Desirable Plants, Thugs and Weeds: The Fine Line Between Good and Bad

Our native Bleeding Heart, Dicentra formosa with Siberian Squill, Scilla siberica…both of these are ‘weedy’ in my garden, the Dicentra spreading quickly from its brittle rhizome while the Squill, an extremely ‘successful’ old fashioned garden plant, persists and increases even in long neglected gardens and homesteads. While neither of these are technically ‘weeds’ they both possess degrees of vigor and adaptability that have allowed them to persist, often in spite of our efforts to limit or eliminate them.

The first in the critically acclaimed ‘Over-Thinking Series’

What is a weed? What differentiates it from any other plant? What about plants like Golden Creeping Jenny? I know those who call it a weed. Is it a matter of generally accepted horticultural opinion? One is on the list and the other isn’t? Is it more than simply a plant we did not plant? We all have those fortuitous seedling volunteers that appear bringing with them a little garden magic. Some of these prove themselves to be quite remarkable and, if found by the right person, if they retain their desirable characteristics when propagated and are stable over time, may become the next rage among the garden fashionistas. They aren’t weeds are they? While not planned for we may choose to welcome certain such plants. To just define weeds as plants out of place, is to render the word almost useless as an aid to understanding our problem.

There is no conspiracy going on in the garden. No malignant intelligence plots and schemes to upset our plans. Not every seed germinates. Not every bit of rhizome or tuber will take over the garden/world without our intervention. Weeds are plants and within the limits of their own genetics they either grow or die. If a seed of Calypso bulbosa finds itself on the ground in the desert. It will not germinate. Eventually it will lose its viability. No one will notice its absence because it never belonged there. All plants possess a degree of vigor. All plants have within themselves a range of conditions they can grow and prosper in. Weeds, are plants that possess the vigor and adaptability to be successful under the range of conditions that we as humans typically occupy. Because we occupy these places, disturb them, because we move about and conduct trade with those elsewhere, we have ‘weeds’. These are merely the plants that do well in the places that we habitually have created. What we should be talking about instead is the quality of ‘weediness’, that blend of adaptability and vigor, that these plants possess.

(Readers should be aware that there are no pretty pictures to either break up the following text or to graphically ‘hammer the lesson home’.

Every plant, even those that require very specific species associations, have some ability to exhibit “weedy” tendencies, albeit for some these are very limited. ‘Weediness’ goes to a plant’s ability to survive, to grow to maturity and produce viable seed whilst withstanding all of the slings and arrows a particular climate and place can throw at it. Without this characteristic, this vigor, those valued exotic perennials and shrubs would soon disappear from our gardens, but with too much…they’ll overwhelm. Or, you change the location, change the conditions and another plant may become problematic. Kahili Ginger, Hedychium gardenereanum, has become an invasive pest in Hawai’i, but here seedling volunteers will rarely, if ever appear and then only in a highly pampered bed. Turn off your summer irrigation and it will struggle and soon die. Vigor is key, but it is not the only critical characteristic of weeds. Adaptability also comes into play.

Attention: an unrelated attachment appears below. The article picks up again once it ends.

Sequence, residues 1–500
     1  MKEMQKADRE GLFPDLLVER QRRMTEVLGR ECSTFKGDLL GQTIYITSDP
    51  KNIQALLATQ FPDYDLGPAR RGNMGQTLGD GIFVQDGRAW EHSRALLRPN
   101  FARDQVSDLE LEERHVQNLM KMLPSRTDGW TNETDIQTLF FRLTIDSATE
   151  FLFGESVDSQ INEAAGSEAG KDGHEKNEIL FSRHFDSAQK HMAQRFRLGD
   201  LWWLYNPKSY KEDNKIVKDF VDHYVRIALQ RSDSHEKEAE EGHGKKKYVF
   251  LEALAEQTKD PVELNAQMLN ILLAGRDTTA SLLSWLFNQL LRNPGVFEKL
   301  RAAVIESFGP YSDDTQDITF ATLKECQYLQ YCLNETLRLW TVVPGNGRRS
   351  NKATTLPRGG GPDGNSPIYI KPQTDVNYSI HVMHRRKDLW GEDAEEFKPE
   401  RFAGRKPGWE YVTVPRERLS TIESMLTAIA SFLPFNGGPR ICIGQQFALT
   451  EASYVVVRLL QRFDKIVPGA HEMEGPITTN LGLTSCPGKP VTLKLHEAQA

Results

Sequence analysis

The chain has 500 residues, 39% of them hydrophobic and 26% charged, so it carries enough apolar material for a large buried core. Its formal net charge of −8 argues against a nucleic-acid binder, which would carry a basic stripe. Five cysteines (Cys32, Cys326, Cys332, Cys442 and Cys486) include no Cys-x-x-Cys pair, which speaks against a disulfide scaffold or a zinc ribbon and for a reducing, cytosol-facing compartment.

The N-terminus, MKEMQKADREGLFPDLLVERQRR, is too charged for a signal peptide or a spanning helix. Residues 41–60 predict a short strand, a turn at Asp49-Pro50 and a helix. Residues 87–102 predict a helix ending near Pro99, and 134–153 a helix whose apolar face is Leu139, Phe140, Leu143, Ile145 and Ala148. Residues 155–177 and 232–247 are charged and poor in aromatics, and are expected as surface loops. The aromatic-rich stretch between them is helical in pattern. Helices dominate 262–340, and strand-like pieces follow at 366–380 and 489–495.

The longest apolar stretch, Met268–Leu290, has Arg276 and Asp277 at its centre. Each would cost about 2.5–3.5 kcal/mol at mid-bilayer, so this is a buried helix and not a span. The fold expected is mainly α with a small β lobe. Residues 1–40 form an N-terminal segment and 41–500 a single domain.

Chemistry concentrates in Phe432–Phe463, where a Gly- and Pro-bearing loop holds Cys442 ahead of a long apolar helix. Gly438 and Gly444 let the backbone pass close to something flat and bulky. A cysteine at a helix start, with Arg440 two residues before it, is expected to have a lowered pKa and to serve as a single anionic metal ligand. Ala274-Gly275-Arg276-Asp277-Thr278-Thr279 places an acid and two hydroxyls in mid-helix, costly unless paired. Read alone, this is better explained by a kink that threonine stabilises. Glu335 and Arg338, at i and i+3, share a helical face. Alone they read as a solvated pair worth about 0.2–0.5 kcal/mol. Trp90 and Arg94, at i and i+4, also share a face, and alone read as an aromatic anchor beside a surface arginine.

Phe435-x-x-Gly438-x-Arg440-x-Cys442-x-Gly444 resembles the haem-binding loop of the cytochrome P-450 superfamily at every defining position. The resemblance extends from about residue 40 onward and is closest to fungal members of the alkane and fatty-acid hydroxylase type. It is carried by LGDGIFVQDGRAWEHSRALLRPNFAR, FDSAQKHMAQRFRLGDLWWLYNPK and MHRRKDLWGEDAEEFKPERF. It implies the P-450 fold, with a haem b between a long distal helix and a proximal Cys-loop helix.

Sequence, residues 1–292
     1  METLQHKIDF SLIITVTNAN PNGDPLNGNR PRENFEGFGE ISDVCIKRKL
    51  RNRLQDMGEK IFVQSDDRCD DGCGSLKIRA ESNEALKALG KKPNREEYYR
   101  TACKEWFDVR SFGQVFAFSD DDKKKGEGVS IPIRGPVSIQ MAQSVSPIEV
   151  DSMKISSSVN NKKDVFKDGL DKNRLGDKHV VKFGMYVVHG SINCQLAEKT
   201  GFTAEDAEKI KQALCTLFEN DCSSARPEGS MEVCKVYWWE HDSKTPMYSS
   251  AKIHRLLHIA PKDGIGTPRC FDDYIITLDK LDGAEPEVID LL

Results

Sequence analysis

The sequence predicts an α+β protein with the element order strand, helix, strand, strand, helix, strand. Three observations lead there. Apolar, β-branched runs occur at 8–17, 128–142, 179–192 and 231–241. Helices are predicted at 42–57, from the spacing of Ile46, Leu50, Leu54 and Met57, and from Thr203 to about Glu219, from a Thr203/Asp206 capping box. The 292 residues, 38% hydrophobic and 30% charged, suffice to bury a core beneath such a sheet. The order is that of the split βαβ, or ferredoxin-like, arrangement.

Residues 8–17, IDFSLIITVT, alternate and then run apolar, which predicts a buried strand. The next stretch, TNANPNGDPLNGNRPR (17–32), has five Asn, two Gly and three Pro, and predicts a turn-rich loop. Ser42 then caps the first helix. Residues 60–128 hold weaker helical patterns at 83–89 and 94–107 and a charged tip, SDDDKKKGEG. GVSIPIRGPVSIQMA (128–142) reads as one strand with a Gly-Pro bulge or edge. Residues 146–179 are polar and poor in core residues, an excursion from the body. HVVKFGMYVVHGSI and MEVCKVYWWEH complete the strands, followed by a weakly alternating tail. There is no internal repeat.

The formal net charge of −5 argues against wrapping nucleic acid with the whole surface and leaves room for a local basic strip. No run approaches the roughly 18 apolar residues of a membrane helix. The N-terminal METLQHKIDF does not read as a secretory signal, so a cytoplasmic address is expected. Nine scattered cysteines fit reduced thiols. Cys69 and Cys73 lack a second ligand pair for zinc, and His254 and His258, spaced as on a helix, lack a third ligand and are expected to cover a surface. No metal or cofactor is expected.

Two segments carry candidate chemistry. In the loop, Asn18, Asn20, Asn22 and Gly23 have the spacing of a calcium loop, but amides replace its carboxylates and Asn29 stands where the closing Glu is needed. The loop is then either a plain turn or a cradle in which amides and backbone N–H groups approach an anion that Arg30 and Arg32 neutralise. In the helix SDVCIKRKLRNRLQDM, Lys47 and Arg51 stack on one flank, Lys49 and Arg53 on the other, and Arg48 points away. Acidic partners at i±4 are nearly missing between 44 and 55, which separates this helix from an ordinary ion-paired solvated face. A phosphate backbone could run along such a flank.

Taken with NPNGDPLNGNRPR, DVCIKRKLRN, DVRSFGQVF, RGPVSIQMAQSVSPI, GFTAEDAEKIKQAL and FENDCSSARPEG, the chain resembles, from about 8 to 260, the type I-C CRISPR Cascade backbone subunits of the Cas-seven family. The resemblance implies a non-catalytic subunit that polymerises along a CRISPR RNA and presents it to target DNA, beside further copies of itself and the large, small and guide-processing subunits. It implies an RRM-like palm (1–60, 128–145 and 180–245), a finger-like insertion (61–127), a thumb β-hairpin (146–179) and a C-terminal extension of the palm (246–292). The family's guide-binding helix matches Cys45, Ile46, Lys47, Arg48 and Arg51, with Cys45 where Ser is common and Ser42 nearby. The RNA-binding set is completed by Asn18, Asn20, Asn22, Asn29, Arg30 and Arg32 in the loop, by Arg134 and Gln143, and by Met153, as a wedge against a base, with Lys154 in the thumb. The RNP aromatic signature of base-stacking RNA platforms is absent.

A plant that is able to thrive under a wide range of growing conditions is much more likely to become a ‘weed’ problem. The more different conditions it accepts the more places it can grow and the more accessible your garden will be to infection by its seed. Site conditions vary across a continuum. Light to shade. Acid to Alkaline soils. Sand to clay. Deep soil to crevices in rock. Bog to arid desert and tundra. Every plant has a range of conditions within which they prosper and increase. Go beyond them and they will struggle and die. This is as true of your choice coddled perennials as it is the weeds you battle. Weeds are very ‘successful’ plants in the sense that in a world defined by physical disturbance they are perfectly equipped to move in and survive. When we grade a site and put up houses we have simplified it. The complex relationships between soil, fungi, bacteria pre-existing flora and fauna have been erased. While your potting soil may be uniform, sterile and inert, the soils in our undisturbed native landscapes are not. Plants whose niches are narrow and specific, have lost a compatible supportive site when they are disturbed. Weeds have been indirectly ‘selected’ over time in this way for just these kinds of places. This ‘disturbed’ world/ landscape is much simplified. Specialized plants with specific narrow site requirements have fewer places where they can thrive. We don’t struggle to get the conditions right in order to have Dandelion and Vetch do well. Meconopsis is a different story. Imagine a world where Meconopsis sheldonii, one of the Blue Himalayan Poppies, proliferated like Dandelions, many of us would be struggling with ‘controlling’ them (Yes, you would and you’d probably be trying to figure out how to better grow Dandelions). So, vigor and adaptability define a weed.